> ...if you turned it on about 3 times a day on average,
> the drive might last for approx three years.
I don't know whether it was the source or your math, but you are off by a factor of over 10... 3 times a day for 3 years is only 3,285 cycles and manufacturers rate 3.5" drives for 50,000 start/stop cycles. That doesn't mean an HDD won't fail before then as explained by the reference at http://www.economicexpert.com/a/Hard:disk.htm
"The sliders (the part of the head that is closest to the disk and contains the pickup coil itself) are designed to reliably survive a number of landings and takeoffs from the disk surface, though wear and tear on these microscopic components eventually takes its toll. Most manufacturers design the sliders to survive 50,000 contact cycles before the chance of damage on startup rises above 50%. However, the decay rate is not linear - when a drive is younger and has fewer start/stop cycles, it has a better chance of surviving the next startup than an older, higher-mileage drive (literally, as the head drags along the drive surface until the air bearing is established). For the Maxtor DiamondMax series of drives, for instance, the drive typically has a 0.02% chance of failing after 4,500 cycles, a 0.05% chance after 7,500 cycles, with the chance of failure rising geometrically to 50% after 50,000 cycles, and increasing ever after."
According to this, your 2160 will still have a 99.99% chance of working after turning it on/off 3 times/day for 3 years.
Most of us would be happy with those odds, but if you are still seriously worried then replace your 3.5" with a 2.5" PATA 160GB or 320GB drive because the 2.5" are designed for notebooks which are constantly cycling up/down and have a higher landing/takeoff specification.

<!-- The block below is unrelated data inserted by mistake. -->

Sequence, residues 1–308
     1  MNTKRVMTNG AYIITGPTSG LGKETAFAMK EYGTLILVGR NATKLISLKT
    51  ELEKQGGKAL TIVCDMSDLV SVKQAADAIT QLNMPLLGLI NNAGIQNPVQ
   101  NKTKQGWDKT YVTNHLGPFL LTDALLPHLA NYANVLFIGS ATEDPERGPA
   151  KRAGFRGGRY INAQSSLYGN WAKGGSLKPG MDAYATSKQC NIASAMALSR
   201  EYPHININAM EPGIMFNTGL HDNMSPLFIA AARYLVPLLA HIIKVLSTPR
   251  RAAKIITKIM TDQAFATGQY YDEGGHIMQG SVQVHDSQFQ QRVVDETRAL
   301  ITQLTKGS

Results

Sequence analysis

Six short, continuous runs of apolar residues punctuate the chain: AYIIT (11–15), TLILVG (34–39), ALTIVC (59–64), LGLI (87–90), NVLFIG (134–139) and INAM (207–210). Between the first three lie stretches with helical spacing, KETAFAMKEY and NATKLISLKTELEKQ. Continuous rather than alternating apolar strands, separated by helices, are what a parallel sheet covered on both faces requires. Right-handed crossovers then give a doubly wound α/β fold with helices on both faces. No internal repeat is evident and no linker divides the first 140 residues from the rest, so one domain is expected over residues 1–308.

You do need to avoid doing things that maximize the likelihood of failure e.g. putting your DVR in an unventilated cabinet so that it operates at high ambient temperatures or powering off, changing your mind, and powering on again. The worst period of head instability is during takeoff and landing, and interrupting the landing by powering back on could cause a head crash: wait at least 15 seconds, preferably 30.
Most drive failures are not related to takeoff/landing issues, and since the typical warranty period on drives is 3 years then you can interpret that to mean "at least three years", because that's the period a manufacturers expects no returns related to age (most warranty claims occur in the first 90 days). Some drives are still warranted for five years see http://support.wdc.com/warranty/poli...pe=res&lang=en